Credit unions are regulated by a number of federal agencies, including the National Credit Union Administration (NCUA), the Federal Reserve, the Consumer Financial Protection Bureau (CFPB) and the Federal Deposit Insurance Corporation (FDIC), as well as a host of state agencies. The NCUA regulates, charters and supervises federal credit unions and insures deposits for some 135 million members nationwide, playing a substantial part in the industry’s competitive and regulatory landscape while protecting member interests.
The agency’s supervisory guidance is nonbinding, but it sets the agenda for what credit unions can expect in terms of regulatory compliance. Among the NCUA’s 2023 priorities are consumer financial protection, information security and fraud prevention and detection. These priorities are shared across agencies and represent the many regulatory shifts coming toward CUs.
Junk Fees Are a Regulatory Priority
One of the CFPB’s key areas of focus has been illegal junk fees and their impact on consumers, with a report revealing many types of violations by financial institutions (FIs) in this area. These violations include unfair fees for bank overdrafts or insufficient funds and overly aggressive late charges on auto and student loans and mortgages. Some of the violations involved vehicles that were illegally repossessed even though customers had already made payment agreements.
Many offending organizations have already addressed the issues, while those that refused will face further CFPB investigation and possible enforcement actions. The report comes at a time when President Joe Biden called for a junk-fee crackdown during his State of the Union address. When the CFPB issued guidance on surprise bank overdraft fees, 20 of the largest banks in the U.S. eliminated the charges. Some $30 million was refunded to 170,000 fee-stricken account holders, the CFPB found.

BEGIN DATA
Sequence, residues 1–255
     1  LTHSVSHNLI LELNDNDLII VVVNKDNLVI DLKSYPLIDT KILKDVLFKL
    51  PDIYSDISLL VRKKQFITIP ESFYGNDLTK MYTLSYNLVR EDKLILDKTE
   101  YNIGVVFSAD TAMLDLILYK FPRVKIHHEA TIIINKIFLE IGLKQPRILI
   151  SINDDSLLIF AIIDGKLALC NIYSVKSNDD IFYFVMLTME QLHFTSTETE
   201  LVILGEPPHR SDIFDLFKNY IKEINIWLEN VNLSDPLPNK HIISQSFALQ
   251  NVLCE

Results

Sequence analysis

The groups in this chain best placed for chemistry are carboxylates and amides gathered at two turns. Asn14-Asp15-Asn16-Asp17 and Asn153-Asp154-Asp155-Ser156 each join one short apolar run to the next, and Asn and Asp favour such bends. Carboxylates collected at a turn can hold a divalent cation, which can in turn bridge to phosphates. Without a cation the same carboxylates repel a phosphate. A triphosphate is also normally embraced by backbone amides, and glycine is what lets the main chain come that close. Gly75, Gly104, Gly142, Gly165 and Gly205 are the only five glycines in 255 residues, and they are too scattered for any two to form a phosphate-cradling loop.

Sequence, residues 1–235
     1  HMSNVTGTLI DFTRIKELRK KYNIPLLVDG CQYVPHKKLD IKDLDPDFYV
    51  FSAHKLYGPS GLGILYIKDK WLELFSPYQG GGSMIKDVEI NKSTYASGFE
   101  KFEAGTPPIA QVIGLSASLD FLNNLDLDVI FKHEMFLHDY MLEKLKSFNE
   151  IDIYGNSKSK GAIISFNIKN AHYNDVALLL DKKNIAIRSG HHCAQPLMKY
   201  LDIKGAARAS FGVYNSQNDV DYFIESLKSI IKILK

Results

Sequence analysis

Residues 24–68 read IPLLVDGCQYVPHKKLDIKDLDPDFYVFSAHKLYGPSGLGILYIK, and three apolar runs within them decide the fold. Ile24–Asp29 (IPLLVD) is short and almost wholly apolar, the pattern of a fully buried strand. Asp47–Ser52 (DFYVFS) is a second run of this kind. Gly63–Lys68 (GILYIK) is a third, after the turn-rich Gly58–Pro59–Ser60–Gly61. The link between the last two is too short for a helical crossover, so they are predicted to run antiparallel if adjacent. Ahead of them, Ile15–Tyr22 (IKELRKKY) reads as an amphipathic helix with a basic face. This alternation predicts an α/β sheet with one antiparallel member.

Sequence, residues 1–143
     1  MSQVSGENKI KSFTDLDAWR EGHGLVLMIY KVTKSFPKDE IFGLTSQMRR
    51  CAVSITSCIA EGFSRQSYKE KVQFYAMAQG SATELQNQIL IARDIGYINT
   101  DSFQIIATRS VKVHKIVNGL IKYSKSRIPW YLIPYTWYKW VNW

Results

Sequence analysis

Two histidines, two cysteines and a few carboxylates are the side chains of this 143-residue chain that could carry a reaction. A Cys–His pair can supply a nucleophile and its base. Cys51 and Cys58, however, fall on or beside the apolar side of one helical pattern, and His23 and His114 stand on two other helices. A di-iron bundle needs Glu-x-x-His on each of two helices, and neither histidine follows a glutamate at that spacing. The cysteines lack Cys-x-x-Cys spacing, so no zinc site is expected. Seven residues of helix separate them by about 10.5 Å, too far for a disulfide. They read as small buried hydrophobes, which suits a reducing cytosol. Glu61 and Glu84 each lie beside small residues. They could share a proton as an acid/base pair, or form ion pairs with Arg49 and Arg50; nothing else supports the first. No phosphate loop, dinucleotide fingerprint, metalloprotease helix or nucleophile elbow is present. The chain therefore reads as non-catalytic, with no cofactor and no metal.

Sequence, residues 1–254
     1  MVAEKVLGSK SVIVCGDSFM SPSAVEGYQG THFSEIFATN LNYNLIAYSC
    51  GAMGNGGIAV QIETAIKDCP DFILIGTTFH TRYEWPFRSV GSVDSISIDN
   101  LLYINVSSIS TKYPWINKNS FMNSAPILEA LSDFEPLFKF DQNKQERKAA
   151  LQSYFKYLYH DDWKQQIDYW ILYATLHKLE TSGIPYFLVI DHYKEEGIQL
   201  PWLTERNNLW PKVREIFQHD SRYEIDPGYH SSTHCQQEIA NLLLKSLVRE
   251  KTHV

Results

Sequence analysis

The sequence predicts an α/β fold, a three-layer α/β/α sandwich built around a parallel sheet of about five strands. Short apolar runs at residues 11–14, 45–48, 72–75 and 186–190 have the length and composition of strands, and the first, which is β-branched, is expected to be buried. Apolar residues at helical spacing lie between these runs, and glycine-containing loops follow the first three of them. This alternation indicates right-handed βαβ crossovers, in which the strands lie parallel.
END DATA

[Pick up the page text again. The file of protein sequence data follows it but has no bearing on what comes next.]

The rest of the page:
Planned CFPB Regulation Would Move Industry Closer to Open Banking
The CFPB has also worked to move financial services toward open banking, or providing access to consumer banking data by third-party financial services firms to develop new products and services. When implemented, its Open Banking Rule could be one of the most important data privacy laws issued by a federal agency. The proposed rule would enable consumers to control and share their financial data with banks and nonbank FIs via application programming interfaces (APIs).
The rule would require “data providers” – including banks, credit unions, card issuers and other entities – to “make available” consumer financial information in six different categories, from periodic statement and transaction information to consumer identity information. FIs, meanwhile, are not granted any discretion to refuse consumer information requests. The CFPB is considering proposals that address third-party data collection and security. After additional input from small businesses, the CFPB will finalize and implement rules next year.
Open Banking Rule Could Work Against CUs
The proposed Open Banking Rule is meant to stimulate market competition by enabling consumers to leave their FIs and take their financial data to new providers. Financial services industry advocates are critical of the CFPB Open Banking Rule compliance along multiple fronts.The National Association of Federally-Insured Credit Unions (NAFCU), however, said the rule could have the opposite impact. Because API adoption has been cost-prohibitive for many smaller organizations, the NAFCU contended that the proposed Open Banking Rule rewards larger and more technologically advanced FIs at the expense of CUs and community banks.
Further, CUs would face major expenditures and operational challenges under the CFPB’s proposed requirement that data providers fund and construct a portal to their core banking systems for access by third parties such as FinTechs. In addition, a provision to eliminate screen scraping would put CUs and small banks at a competitive disadvantage during their transition to APIs. Industry groups are favoring an incremental approach to open banking that would strike more of a competitive balance. These kinds of details regarding the CFPB’s proposed rule are sure to create compliance challenges. Those CUs that are proactive in their response will be best prepared for change.